Autograph authentication: Assess for Evidence of Facsimile

This word often used to be written fac-simile.  It comes from the Latin words “facere” (to make) and “similis” (like), and  means an exact copy of something.  We have all seen facsimiles of documents like the Declaration of Independence on fake parchment, the kind sold in souvenir shops. We are offered one of the Gettysburg Address at least once every year by someone who thinks he has found a nugget of gold instead of a worthless copy. Facsimiles were created to honor a person or event, as part of a business promotion, as vanity pieces to impress friends, or were originally bound in books but have been removed over the years, plus for many other reasons. They were generally produced without ever intending to fool anybody into thinking they were real. The problem is that many facsimiles have been around for long periods of time and consequently have that aged look about them that can fool any but an expert. And some facsimiles are of such high quality, and are so deceptive, that they pose more of a problem for us to authenticate than any other category, including forgeries. Here are the types.

a. Printed facsimiles. There are some famous printed facsimiles. A few examples are a letter of Lord Byron to his publisher denying that he ever wrote The Vampire (this facsimile was inserted as an illustration in a very early edition of Byron’s works, and over the past 150 years has taken on an aged appearance), a letter by Sir Walter Scott to the publisher Charles Tilt, referring to himself as the author of the Waverly Tales (it is dated 1830 but is on paper clearly watermarked 1834), a letter of Benjamin Franklin sending seeds to a friend, often with the seeds included (this was a promotion done by a seed company a century ago), a letter of Thomas Jefferson to Craven Peyton on minor banking matters, often with the “original” envelope (and remember, earlier I said that envelopes weren't used during Jefferson's lifetime. This was a 1920's advertising promotion for a Virginia bank), and Lincoln's letter to Mrs. Bixby commiserating with her over the loss of her five sons (the facsimile is actually a copy of a forgery!). King George V sent a facsimile letter welcoming American troops to Europe in World War I (millions were given out).  We are offered a number of these every year.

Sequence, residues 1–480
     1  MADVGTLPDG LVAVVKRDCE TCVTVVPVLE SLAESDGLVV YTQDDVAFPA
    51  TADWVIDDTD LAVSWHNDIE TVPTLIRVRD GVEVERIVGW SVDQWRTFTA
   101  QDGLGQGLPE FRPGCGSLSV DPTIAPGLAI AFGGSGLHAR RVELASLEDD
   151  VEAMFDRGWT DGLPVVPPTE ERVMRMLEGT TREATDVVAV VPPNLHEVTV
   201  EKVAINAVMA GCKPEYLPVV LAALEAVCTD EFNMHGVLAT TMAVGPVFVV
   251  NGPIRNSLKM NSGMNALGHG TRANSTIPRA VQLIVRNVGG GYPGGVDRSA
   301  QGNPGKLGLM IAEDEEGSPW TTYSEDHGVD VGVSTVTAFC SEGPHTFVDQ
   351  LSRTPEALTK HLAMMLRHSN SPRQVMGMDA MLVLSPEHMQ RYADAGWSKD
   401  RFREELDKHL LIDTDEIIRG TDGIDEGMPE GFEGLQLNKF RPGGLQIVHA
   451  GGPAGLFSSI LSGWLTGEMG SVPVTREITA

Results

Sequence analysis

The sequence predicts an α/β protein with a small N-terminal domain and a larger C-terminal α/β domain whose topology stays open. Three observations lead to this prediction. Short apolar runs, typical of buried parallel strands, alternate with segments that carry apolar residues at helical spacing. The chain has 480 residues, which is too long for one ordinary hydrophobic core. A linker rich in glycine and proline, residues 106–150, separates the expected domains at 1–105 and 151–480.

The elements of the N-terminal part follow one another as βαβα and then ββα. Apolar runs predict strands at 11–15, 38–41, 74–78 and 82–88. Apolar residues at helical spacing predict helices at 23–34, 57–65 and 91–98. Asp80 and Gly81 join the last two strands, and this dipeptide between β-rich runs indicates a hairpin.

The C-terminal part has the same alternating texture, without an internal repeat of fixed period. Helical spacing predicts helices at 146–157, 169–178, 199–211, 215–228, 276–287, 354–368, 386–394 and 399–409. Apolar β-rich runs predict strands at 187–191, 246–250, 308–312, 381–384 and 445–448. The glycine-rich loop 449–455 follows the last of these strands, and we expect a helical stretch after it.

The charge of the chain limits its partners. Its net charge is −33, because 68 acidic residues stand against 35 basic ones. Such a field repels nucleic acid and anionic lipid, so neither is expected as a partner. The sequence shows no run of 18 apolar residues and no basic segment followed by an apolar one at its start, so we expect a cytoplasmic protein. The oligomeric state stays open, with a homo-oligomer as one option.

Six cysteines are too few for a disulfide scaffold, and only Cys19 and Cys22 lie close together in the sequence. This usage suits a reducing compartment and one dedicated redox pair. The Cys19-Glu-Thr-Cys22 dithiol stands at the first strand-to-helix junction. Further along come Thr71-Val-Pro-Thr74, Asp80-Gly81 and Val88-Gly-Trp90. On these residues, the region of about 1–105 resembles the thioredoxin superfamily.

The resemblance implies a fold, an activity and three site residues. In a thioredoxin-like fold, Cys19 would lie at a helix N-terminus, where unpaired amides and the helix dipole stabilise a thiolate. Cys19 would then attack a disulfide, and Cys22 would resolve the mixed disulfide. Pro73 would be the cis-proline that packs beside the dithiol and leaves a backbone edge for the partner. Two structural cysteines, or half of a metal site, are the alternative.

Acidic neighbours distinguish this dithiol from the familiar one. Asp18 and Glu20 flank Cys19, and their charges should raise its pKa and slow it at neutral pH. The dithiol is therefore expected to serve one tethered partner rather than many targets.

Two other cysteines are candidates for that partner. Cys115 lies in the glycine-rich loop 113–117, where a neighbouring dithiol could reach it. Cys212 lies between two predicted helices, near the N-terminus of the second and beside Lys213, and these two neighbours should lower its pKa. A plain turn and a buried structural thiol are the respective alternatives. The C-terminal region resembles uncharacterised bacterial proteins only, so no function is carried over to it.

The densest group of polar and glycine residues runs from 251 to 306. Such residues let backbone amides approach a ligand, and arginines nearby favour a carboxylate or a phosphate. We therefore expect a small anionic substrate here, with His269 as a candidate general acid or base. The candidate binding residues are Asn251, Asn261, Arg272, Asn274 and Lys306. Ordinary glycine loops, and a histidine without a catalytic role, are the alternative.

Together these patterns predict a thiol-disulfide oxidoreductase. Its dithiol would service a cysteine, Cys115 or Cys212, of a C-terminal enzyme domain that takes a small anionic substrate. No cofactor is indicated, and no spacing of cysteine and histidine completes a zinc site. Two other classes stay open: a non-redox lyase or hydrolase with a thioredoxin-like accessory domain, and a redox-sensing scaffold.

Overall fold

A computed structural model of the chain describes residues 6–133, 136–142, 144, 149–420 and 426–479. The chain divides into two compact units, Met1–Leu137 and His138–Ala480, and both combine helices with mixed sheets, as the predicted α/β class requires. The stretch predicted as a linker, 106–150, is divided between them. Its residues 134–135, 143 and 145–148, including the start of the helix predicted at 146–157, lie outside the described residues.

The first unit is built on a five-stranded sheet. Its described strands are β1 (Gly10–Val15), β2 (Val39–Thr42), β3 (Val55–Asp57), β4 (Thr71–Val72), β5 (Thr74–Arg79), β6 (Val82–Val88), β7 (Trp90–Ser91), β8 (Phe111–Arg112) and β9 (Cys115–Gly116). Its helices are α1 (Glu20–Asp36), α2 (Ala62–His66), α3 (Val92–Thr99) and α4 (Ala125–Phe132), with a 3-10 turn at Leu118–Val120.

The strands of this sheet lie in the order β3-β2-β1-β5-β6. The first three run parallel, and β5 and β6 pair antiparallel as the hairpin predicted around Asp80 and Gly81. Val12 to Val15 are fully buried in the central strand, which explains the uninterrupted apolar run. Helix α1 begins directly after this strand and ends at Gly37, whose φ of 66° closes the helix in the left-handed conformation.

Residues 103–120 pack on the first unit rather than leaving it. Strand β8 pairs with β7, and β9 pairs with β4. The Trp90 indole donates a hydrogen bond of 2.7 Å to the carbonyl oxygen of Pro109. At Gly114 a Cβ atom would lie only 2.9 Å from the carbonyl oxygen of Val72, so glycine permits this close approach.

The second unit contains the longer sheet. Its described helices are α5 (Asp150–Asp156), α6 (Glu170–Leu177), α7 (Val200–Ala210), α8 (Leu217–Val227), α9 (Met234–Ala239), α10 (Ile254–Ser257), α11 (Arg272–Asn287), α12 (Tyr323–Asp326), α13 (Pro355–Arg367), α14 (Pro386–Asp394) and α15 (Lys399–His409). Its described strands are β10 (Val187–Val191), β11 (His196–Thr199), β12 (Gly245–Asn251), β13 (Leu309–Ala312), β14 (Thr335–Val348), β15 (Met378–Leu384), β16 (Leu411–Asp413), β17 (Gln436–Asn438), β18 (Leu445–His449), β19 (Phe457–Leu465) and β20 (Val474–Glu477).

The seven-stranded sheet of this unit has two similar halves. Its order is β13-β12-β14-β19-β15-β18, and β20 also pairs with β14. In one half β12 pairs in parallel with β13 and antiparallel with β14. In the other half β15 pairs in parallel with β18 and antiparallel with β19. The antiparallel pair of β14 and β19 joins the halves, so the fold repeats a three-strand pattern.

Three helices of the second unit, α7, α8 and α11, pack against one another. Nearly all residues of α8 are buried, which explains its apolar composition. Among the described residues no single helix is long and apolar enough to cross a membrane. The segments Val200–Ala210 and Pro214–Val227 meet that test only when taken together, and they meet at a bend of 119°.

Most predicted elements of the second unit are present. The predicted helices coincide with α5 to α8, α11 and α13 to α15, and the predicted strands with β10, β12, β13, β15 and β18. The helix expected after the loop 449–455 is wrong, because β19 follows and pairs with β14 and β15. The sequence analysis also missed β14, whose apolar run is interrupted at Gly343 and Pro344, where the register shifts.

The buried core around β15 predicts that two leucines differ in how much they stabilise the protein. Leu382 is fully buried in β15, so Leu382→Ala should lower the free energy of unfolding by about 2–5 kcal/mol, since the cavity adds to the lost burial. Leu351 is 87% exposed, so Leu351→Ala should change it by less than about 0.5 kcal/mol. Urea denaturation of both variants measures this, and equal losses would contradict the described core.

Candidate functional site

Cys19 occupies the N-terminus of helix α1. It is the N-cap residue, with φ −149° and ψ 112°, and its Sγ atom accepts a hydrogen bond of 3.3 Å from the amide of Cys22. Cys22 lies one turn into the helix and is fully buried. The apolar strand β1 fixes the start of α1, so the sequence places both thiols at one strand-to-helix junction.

Not long ago a man in Virginia called and said he had a signed copy of Robert E. Lee's Order No.9, his farewell to his troops, which Lee had given to General Stephens. A couple of dozen genuine examples of Order No. 9 exist, signed by Lee for his officers and soldiers, so new ones could conceivably turn up. However, a high quality facsimile was published over 50 years ago by the Lakeside Press, using as the master an original given to Gen. Stephens. The Lakeside version is done on bluish-gray paper and actually bears the printed name of the press in very light white print at the lower right of the back side. In this man’s case the paper was blue and the recipient was Stephens, so the diagnosis of facsimile was easy. To cement the determination, this man noted that someone had clipped out the very bottom of his document, excising the press name. Another time, a facsimile of Washington's letter to John Langdon indicating that he would accept the presidency was offered to us, this time partly burned in a supposedly accidental fire. The location of the famous original of this letter is known (it is in an institution), so there was no problem in recognizing this as a facsimile, although it came with a good story and the fake fire damage. We discover new facsimiles from time to time so we are always vigilant. A few months ago, we had to return a letter to an auction company because we determined that it was a facsimile. Queen Victoria had written to philanthropist George Peabody and praised his work so highly that he had the letter reproduced to hand out to his friends. This was one of those copies. Even more recently, we found that a photograph apparently signed by Thomas Edison, in which he took credit for inventing the electric light, was a facsimile.